At roughly the size of a Harry Potter hardcover, the Peavey 6505 Piranha Micro Head is a small yet fully functional tube head that fits in a gig bag or mounts to a pedal board. Weighing just 2.5 pounds, it boasts 20 watts of output in a hybrid design – a single 12AX7 in the preamp for tone shaping, and a solidstate power section.
Out front, Peavey placed an input jack along with controls for Gain, EQ, and Volume. There’s also a push button for Lead or Gain modes, mini Aux In, and a ¼" output for headphones. Flip the Piranha around to see the Power on/off button, DC power jack, and ¼" jacks for speaker and effects loop send/return.
Through a 1×12 cabinet with an 8-ohm Eminence speaker, the Piranha’s Crunch channel sounds cleaner than Lead, and true to Peavey’s 6500 series, Lead offered an abundance of molten tone-lava. Turning the Gain to 9 o’clock resulted in light overdrive, but as the level was increased, the Piranha churned out the kind of crunchy overdrive craved by metallurgists. With just one EQ knob, the cab plays a significant role in the determination of available bass (through a 1×12, the Piranha was on the bright side). Still, most heavy guitarists will be thrilled by its wickedly saturated gain.
The Piranha is a rock machine whose clean capabilities are limited to turning down the Gain knob and playing lightly, while Crunch serves up light dirt for rhythm work.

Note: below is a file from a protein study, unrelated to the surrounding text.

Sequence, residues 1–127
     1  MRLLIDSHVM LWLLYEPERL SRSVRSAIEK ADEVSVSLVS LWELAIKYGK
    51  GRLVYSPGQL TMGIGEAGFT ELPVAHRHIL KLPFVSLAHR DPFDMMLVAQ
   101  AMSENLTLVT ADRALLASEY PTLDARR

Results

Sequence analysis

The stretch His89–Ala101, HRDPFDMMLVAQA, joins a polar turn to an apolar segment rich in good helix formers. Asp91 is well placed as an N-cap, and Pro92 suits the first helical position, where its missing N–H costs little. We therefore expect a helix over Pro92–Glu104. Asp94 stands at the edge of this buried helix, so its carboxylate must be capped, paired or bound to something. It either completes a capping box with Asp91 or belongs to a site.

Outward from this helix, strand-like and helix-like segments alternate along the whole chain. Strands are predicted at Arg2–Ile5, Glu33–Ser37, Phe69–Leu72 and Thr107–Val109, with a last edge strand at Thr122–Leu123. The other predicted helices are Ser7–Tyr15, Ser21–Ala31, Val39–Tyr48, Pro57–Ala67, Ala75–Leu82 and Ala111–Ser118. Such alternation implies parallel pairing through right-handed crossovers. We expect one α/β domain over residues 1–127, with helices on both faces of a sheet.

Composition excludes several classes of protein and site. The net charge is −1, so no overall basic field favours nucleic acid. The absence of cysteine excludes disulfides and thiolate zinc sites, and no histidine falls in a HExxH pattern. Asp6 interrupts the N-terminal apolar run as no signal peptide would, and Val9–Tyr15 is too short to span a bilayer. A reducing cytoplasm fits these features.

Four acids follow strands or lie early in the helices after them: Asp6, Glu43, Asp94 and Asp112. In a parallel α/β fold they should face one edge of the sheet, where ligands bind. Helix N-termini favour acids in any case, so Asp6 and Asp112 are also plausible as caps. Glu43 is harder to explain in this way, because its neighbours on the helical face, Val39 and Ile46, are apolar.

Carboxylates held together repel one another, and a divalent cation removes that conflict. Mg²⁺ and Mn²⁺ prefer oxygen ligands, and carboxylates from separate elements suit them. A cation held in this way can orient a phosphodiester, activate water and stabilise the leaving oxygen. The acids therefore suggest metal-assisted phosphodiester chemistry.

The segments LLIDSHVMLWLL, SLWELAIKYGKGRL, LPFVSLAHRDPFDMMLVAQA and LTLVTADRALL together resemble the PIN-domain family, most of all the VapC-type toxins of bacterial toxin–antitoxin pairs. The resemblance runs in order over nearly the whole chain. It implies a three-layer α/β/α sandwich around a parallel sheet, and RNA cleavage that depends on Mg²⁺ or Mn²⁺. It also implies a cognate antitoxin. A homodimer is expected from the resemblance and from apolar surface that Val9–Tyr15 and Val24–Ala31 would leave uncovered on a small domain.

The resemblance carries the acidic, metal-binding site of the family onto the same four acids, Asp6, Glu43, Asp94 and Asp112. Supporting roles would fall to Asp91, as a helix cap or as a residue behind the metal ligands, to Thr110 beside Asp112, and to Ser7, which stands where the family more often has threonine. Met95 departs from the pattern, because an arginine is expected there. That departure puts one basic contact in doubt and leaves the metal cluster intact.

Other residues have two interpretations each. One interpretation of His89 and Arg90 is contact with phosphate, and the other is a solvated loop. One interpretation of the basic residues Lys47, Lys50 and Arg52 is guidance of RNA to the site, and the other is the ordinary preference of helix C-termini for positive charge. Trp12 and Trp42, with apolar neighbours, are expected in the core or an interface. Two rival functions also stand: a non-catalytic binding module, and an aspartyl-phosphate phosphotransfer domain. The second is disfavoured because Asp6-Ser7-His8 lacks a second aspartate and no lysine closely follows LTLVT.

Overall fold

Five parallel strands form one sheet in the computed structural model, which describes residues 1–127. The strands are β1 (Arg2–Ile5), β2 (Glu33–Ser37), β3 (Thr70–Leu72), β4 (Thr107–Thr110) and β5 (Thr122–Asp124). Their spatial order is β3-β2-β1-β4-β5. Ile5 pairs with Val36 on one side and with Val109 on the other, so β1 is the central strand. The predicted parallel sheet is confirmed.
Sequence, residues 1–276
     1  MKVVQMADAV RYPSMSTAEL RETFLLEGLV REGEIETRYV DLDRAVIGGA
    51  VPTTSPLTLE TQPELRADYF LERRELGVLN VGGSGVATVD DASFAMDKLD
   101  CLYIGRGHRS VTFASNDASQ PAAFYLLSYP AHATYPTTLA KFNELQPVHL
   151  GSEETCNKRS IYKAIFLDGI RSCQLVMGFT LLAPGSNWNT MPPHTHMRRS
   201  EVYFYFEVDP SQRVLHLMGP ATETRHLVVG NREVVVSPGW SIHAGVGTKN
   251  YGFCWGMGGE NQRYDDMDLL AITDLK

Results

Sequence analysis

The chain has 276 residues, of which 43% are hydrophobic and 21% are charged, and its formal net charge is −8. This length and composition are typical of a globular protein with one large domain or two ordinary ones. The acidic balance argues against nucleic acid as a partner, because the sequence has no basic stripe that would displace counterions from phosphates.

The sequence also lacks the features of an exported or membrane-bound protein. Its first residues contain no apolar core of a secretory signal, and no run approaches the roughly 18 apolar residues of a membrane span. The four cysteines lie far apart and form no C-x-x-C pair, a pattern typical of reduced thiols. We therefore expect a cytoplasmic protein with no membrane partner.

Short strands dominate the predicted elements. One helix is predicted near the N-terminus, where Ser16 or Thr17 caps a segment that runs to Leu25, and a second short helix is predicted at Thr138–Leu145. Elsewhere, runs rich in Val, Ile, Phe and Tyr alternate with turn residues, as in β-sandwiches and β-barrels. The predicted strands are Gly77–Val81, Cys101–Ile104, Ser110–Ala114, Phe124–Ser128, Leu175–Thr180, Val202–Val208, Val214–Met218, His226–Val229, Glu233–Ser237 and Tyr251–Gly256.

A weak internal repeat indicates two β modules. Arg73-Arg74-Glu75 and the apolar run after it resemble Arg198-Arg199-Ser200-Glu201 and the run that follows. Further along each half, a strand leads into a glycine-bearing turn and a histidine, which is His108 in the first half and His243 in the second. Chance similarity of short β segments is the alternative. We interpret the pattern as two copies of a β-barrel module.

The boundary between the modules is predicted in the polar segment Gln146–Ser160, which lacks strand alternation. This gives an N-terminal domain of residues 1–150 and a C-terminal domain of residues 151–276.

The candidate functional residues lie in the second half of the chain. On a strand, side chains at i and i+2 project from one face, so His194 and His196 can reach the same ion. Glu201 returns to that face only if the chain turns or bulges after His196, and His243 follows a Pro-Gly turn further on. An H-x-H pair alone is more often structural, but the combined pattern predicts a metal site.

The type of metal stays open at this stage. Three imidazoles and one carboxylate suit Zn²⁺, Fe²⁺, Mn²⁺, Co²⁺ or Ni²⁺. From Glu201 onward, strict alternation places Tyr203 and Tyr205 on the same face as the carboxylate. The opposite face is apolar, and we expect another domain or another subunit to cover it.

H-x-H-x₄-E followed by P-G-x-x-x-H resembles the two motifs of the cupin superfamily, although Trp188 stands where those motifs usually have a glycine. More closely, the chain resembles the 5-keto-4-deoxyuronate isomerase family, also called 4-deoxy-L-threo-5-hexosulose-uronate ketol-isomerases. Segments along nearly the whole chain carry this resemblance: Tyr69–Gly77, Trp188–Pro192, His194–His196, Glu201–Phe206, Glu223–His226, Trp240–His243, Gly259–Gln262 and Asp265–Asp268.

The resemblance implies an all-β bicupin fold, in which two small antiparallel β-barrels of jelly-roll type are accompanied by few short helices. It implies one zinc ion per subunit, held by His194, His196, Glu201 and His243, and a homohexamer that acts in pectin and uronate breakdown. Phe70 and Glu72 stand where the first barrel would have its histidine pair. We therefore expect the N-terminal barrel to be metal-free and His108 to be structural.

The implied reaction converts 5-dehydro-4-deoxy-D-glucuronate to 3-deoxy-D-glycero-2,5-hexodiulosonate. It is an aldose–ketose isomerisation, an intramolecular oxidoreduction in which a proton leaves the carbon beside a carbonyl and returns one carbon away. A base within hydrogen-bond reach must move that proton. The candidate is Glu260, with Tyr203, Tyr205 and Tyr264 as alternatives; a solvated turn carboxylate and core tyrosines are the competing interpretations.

The effects loop in back patches-in time-based or modulation effects; the Send jack also works as a line-level out to feed the input of another amp, turning the Pirahna into a tube-fueled overdrive box. And if mounted on a pedalboard when the big amp goes down, it could be quickly rerouted to the speaker/cab.
Though the Piranha lacks a control for low-end response or a heavy-duty power jack, with a price about the same as a stompbox, this is a cool piece of gear that dishes out raging distortion. And used as a practice amp or as a backup, the 6505 might just save your next gig. That alone is worth the price of admission.
This article originally appeared in VG March 2017 issue. All copyrights are by the author and Vintage Guitar magazine. Unauthorized replication or use is strictly prohibited.